Fibromyalgia syndrome in an Amish community: a controlled study to determine disease and symptom prevalence

By White KP, Thompson J.

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J Rheumatol. 2003 Aug;30(8):1835-40. Comment in: J Rheumatol. 2003 Aug;30(8):1665. J Rheumatol. 2003 Aug;30(8):1666-7. J Rheumatol. 2003 Aug;30(8):1668-70. J Rheumatol. 2003 Aug;30(8):1671-2.

Department of Medicine, University of Western Ontario, London, Ontario, Canada.

OBJECTIVES: To estimate the point prevalence of fibromyalgia syndrome (FM) in Amish adults and to compare the prevalence of chronic pain, chronic widespread pain, FM, chronic fatigue, and debilitating fatigue in the Amish versus non-Amish rural and urban controls. The a priori assumption was that, if litigation and/or compensation availability have major effects on FM prevalence, then FM prevalence in the Amish should approach zero.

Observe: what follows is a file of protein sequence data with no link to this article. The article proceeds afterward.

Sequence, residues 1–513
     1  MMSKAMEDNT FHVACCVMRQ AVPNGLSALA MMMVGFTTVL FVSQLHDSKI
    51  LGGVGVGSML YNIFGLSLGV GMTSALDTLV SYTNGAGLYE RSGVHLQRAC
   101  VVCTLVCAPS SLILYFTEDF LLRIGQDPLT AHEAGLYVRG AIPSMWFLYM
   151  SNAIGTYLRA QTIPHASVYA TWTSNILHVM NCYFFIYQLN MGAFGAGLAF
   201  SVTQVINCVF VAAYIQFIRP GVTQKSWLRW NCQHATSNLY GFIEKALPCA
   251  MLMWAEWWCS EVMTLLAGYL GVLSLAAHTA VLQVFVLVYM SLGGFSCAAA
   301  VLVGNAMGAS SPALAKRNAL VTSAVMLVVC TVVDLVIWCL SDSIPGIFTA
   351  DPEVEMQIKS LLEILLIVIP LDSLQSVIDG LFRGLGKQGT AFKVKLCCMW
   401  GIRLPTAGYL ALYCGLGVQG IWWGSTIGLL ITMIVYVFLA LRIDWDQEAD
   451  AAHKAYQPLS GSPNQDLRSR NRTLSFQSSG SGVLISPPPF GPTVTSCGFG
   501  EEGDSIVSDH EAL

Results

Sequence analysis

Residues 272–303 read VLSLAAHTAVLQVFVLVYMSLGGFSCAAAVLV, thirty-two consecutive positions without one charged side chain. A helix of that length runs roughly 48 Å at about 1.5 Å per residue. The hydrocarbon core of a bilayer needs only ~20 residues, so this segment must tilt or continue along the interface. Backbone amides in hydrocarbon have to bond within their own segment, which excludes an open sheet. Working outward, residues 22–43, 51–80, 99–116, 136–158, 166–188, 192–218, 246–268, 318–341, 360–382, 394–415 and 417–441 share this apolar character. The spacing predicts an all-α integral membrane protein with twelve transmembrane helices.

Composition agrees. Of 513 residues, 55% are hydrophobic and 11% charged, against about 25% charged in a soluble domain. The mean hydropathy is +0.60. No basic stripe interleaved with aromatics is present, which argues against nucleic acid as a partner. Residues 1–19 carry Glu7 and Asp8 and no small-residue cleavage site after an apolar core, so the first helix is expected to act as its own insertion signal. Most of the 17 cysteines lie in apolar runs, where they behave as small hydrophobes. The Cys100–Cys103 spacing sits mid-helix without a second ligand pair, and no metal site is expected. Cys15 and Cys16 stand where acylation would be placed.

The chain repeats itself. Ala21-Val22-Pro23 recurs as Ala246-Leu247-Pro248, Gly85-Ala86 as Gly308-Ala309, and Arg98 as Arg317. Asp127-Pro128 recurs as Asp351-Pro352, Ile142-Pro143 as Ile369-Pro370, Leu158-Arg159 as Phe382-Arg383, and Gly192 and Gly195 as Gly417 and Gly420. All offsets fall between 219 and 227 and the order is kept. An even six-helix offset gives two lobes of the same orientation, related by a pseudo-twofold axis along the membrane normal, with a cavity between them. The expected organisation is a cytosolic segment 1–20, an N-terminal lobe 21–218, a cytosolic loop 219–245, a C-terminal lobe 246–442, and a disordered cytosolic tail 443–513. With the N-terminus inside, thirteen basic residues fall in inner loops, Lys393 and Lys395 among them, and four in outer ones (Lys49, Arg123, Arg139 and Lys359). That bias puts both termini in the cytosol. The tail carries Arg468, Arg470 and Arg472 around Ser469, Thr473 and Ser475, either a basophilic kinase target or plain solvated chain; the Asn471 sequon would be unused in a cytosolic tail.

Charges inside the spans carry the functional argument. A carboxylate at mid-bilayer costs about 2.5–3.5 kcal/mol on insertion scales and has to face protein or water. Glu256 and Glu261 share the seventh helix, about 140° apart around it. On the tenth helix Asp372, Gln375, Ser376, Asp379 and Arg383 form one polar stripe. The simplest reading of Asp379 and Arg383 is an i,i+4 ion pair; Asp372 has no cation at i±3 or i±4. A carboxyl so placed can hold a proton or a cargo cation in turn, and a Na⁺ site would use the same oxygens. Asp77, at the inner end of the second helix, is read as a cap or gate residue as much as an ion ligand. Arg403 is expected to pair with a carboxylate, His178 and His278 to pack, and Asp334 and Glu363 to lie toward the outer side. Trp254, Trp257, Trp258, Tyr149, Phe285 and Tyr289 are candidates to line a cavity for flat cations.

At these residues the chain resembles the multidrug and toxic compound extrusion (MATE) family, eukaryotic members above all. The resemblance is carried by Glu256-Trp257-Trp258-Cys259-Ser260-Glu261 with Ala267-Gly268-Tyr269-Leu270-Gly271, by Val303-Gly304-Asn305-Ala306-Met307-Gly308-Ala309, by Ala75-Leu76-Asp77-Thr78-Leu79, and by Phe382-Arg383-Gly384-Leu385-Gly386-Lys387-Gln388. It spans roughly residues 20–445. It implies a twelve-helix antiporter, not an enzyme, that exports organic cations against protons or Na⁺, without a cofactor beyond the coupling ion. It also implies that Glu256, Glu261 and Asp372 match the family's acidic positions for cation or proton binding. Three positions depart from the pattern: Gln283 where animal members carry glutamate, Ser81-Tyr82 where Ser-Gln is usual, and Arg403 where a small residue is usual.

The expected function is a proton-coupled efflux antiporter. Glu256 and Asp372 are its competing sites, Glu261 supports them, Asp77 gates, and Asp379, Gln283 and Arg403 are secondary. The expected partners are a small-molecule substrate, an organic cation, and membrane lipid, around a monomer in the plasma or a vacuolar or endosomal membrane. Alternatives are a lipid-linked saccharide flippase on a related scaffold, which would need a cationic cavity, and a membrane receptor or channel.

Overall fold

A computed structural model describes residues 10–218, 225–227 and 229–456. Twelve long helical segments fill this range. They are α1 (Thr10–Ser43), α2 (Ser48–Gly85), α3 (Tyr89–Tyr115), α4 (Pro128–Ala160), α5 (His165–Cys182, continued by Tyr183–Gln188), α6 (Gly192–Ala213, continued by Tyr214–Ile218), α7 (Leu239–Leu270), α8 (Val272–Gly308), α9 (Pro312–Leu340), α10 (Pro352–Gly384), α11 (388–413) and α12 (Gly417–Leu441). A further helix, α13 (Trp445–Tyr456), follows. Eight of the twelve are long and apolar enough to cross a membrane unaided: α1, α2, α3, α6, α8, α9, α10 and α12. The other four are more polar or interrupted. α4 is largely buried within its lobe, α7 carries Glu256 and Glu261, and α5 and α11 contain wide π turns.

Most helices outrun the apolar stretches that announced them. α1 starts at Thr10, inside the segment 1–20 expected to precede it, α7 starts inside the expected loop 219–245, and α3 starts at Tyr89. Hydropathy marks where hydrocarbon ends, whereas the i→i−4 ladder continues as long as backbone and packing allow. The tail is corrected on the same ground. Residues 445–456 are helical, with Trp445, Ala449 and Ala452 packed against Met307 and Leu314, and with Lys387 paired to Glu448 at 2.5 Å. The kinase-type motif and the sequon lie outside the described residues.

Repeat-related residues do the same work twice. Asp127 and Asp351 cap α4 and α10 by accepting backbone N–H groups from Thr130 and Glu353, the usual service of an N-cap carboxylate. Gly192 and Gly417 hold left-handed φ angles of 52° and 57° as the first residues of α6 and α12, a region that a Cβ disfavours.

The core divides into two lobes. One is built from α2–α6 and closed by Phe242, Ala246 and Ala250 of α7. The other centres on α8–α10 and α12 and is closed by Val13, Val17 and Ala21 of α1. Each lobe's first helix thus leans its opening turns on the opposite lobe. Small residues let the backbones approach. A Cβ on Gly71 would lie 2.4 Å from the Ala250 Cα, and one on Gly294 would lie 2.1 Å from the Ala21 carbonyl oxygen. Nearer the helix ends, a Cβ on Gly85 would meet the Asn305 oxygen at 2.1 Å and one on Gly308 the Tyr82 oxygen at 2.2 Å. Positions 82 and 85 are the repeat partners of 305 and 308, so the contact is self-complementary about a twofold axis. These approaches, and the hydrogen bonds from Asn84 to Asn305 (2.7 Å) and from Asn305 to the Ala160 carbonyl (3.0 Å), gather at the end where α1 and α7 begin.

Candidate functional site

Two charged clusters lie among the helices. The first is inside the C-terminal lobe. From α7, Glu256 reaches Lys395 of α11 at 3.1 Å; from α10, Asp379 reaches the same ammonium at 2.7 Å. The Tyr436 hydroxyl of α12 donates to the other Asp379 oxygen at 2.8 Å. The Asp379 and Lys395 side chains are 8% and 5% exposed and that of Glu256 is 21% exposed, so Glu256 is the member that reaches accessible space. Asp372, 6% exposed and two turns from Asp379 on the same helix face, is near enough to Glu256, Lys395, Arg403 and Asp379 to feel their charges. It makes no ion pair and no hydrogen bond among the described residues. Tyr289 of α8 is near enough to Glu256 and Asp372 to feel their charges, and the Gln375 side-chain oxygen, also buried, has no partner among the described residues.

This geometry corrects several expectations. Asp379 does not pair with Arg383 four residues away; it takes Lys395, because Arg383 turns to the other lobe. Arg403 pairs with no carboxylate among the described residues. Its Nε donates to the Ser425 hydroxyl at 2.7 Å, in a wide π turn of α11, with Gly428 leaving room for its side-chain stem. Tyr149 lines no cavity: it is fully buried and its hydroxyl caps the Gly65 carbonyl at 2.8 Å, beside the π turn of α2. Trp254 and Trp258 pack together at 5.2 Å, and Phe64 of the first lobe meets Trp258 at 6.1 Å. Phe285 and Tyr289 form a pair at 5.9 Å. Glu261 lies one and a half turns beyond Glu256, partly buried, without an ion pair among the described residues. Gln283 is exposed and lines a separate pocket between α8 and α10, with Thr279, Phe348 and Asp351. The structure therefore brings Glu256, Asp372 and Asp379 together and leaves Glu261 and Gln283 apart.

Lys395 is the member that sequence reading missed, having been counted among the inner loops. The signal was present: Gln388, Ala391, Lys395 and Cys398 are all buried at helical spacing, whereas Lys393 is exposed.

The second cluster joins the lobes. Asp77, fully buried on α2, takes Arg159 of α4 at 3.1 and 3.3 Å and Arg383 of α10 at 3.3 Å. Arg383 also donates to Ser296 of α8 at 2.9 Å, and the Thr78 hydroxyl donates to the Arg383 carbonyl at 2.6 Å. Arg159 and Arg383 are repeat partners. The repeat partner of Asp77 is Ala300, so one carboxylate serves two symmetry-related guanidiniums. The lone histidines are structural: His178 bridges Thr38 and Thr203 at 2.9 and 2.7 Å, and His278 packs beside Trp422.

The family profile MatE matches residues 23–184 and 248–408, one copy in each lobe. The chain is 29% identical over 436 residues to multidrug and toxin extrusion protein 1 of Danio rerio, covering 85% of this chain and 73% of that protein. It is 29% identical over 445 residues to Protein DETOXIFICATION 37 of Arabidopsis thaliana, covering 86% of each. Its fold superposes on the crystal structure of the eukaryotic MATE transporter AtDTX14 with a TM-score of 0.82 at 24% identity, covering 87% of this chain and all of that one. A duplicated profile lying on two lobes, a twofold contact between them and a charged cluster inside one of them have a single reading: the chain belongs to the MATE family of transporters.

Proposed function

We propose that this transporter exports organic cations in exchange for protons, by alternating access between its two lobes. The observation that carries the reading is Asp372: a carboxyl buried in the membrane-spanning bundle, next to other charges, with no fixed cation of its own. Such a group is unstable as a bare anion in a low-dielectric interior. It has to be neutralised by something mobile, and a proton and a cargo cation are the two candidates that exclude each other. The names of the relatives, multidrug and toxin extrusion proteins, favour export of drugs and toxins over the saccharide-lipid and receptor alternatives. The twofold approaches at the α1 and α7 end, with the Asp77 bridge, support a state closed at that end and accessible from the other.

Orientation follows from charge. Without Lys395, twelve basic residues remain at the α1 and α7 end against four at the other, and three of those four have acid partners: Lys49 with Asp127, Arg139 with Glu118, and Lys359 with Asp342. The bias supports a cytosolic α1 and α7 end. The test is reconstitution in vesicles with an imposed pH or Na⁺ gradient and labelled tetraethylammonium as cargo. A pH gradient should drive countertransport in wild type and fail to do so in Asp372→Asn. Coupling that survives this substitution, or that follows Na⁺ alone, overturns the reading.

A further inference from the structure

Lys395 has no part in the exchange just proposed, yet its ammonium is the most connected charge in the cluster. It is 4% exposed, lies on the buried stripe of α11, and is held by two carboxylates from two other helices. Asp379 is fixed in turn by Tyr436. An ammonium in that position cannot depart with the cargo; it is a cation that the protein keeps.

METHODS: We surveyed 242 Amish adults in a small rural community southeast of London, Ontario, Canada. Individuals were screened using a validated screening instrument. Those reporting chronic, widespread pain were examined for FM using published classification criteria. Amish results were compared to results collected in a random telephone survey of 492 non-Amish adults living in rural Southwestern Ontario and 3395 non-Amish adults previously surveyed in London.

RESULTS: Pain lasting at least one week in the preceding 3 months was reported by 34.3% of the Amish; pain in the upper extremities by 25.4%, in the lower extremities by 22.5%, and in the trunk by 28.1%. Twenty-six (15 women, 11 men) reported chronic, widespread pain. Eleven FM cases were confirmed among women (age adjusted point prevalence, p = 10.4%) and 2 among men (p = 3.7%) for an overall age and sex adjusted prevalence of 7.3% (95% CI 5.3, 9.7); this was both statistically greater than zero (p < 0.0001) and greater than in either control population (both p < 0.05).

CONCLUSION: FM is relatively common among the Amish.

2018-06-11T14:14:43-07:00Monday, February 22, 2016|Science & Research|